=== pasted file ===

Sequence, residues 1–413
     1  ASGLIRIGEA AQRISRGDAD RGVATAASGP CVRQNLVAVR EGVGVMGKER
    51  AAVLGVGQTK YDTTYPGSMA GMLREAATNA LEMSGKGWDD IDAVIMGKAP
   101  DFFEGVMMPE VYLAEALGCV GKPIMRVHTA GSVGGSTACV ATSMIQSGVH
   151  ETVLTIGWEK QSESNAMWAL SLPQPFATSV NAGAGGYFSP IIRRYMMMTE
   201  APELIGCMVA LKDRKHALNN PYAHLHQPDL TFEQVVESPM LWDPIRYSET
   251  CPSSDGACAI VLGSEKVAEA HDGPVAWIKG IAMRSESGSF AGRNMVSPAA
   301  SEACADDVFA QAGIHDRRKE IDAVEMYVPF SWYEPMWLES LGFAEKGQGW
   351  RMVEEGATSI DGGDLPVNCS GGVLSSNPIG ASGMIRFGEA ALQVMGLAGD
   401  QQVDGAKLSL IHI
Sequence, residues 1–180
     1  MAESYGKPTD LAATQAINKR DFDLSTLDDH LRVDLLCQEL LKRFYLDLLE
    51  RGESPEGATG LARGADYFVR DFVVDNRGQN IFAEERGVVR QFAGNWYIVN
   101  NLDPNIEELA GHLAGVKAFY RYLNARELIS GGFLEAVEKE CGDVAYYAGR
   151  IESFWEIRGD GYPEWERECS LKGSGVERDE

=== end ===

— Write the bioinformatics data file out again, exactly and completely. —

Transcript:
Sequence, residues 1–413
     1  ASGLIRIGEA AQRISRGDAD RGVATAASGP CVRQNLVAVR EGVGVMGKER
    51  AAVLGVGQTK YDTTYPGSMA GMLREAATNA LEMSGKGWDD IDAVIMGKAP
   101  DFFEGVMMPE VYLAEALGCV GKPIMRVHTA GSVGGSTACV ATSMIQSGVH
   151  ETVLTIGWEK QSESNAMWAL SLPQPFATSV NAGAGGYFSP IIRRYMMMTE
   201  APELIGCMVA LKDRKHALNN PYAHLHQPDL TFEQVVESPM LWDPIRYSET
   251  CPSSDGACAI VLGSEKVAEA HDGPVAWIKG IAMRSESGSF AGRNMVSPAA
   301  SEACADDVFA QAGIHDRRKE IDAVEMYVPF SWYEPMWLES LGFAEKGQGW
   351  RMVEEGATSI DGGDLPVNCS GGVLSSNPIG ASGMIRFGEA ALQVMGLAGD
   401  QQVDGAKLSL IHI
Sequence, residues 1–180
     1  MAESYGKPTD LAATQAINKR DFDLSTLDDH LRVDLLCQEL LKRFYLDLLE
    51  RGESPEGATG LARGADYFVR DFVVDNRGQN IFAEERGVVR QFAGNWYIVN
   101  NLDPNIEELA GHLAGVKAFY RYLNARELIS GGFLEAVEKE CGDVAYYAGR
   151  IESFWEIRGD GYPEWERECS LKGSGVERDE